Last Saturday was a glorious day to do anything. But it was a very special day for the family — plenty of family — and friends who gathered at the East Chop Beach Club to salute the life of recently-departed John D. Miller Sr. John was a son of a Boston College legend, the late Eddie Miller. Both displayed beaming smiles on the program cover for the celebration.

John was a true renaissance man as an athlete, real estate executive, and as a father who loved his family, his Catholic faith and his alma mater, Boston College. He knew how to enjoy life.

Emotional speeches by family members, guests in groups of three or four sharing war stories, tales of good times and plenty of laughter and some tears were sprinkled in along with cold beverages and plenty of good food.

A moving speech given by John D. Jr. at the funeral services this past March was featured in the program booklet, charting the entire trajectory of his father’s life. In particular he focused on John’s love of the Vineyard. Playing lots of tennis and golf, throwing his kids off the beach club jetty, walking the dogs around the Chop...all told the story of his eclectic life.

Michelle Miller penned a sonnet in John’s memory. Family pictures were everywhere, displaying love and fun, simply enjoying life in all its dimensions and in all the seasons of life.

East Chop will miss one of its bright lights never to return. But now that John has joined his father Eddie in heaven, look for some real excitement in their new home.

On a personal note: my wife Kathy was a Boston College cheerleader and knew Eddie Miller decades ago. While I was further down on Commonwealth avenue at Boston University, we both spent time with Eddie, who was the sports information director and public relations director at Boston College.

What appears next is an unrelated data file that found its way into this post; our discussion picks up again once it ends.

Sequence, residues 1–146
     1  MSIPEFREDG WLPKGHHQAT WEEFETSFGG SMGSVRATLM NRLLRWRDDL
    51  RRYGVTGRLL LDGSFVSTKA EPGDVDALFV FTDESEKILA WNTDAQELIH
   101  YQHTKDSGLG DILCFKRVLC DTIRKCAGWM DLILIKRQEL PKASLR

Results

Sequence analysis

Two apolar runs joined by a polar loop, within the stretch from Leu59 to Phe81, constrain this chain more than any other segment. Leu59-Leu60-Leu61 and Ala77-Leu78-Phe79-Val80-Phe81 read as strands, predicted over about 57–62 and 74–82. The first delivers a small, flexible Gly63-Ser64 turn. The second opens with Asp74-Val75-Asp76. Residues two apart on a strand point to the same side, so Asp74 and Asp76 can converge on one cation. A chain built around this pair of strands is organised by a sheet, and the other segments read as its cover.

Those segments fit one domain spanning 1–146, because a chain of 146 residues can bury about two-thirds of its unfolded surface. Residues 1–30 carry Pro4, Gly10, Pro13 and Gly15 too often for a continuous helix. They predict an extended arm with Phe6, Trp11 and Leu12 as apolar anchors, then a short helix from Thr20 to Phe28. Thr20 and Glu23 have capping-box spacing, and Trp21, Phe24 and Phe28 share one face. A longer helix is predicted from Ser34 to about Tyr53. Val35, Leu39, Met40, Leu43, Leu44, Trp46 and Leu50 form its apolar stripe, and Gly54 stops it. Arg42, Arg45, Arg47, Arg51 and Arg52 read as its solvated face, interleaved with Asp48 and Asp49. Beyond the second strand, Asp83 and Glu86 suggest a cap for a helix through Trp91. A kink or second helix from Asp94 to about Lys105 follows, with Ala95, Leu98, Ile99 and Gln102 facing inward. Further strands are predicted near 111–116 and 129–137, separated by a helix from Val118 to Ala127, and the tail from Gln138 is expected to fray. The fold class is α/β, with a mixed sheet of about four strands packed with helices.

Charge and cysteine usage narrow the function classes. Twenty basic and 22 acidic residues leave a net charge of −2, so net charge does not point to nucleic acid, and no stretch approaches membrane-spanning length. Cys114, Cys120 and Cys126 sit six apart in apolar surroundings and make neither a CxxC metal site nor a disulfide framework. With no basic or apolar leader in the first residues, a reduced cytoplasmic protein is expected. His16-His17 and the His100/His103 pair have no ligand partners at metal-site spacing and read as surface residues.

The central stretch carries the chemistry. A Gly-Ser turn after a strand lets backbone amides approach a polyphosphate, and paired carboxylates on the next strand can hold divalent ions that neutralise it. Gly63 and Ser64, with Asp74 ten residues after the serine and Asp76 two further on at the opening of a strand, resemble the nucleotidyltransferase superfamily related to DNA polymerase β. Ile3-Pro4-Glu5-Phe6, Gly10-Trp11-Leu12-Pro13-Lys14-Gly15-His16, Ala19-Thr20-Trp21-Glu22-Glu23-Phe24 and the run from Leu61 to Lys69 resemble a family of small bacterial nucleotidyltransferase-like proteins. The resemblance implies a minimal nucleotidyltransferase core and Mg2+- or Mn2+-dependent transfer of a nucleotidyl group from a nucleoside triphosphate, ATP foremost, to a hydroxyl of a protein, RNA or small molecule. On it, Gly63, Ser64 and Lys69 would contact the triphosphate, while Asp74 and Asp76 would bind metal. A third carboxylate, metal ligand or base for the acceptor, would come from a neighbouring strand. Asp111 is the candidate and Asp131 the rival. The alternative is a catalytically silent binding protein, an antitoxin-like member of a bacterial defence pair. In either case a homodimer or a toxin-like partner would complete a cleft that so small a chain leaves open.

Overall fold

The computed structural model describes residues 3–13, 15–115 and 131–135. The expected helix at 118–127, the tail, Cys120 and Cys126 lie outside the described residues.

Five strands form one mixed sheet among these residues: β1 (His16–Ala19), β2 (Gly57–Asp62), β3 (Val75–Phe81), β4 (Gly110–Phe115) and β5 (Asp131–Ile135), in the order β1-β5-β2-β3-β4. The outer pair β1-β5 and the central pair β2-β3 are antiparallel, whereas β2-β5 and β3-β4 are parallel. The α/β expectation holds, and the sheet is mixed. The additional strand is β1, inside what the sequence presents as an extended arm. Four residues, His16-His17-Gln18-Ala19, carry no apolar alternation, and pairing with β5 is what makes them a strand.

John and I became real estate partners on a large life science building in the Seaport and our families live around the corner from each other on the Chop. Our reunion with the Miller family has been a cherished relationship. John and Eddie, may you rest in peace. You have left big footprints in the sands of life for us to remember for the rest of our lives.

Over the July Fourth weekend in recent years, many have observed a large group of individuals gathering near the Inkwell Beach, dressed in uninterrupted white, in a circle and seeming very somber. My dear friend Bobby Edwards is part of this gathering and I asked him to share its origins and purpose.

The first meeting at the water took place in 2008 when Kevin Ray and Wayne Leland, frequent visitors to the Island, transitioned. So Bobby and his dear friend Michele, known as Meechie, led a small group in organizing this occasion to speak the names of the departed during that year and release balloons that have the lost inscribed on them. Bobby shared that it was also symbolic of generations of African Americans who sought the water over the generations.

It reminds me of the 1921 poem by Langston Hughes, The Negro Speaks of Rivers. In this poem, Mr. Hughes charts African-American history using four rivers in the Middle East, Africa and America. The significance of everyone wearing white is that all in attendance are stronger in unity and that no one person is better than the other but all are part of humanity.

I look forward to this new Oak Bluffs tradition in 2024 when perhaps those in attendance will exceed the 83 people who attended this year.

Paradise on earth is living the Vineyard experience. Enjoy it as time is fleeting. Randall Taylor, rest in peace.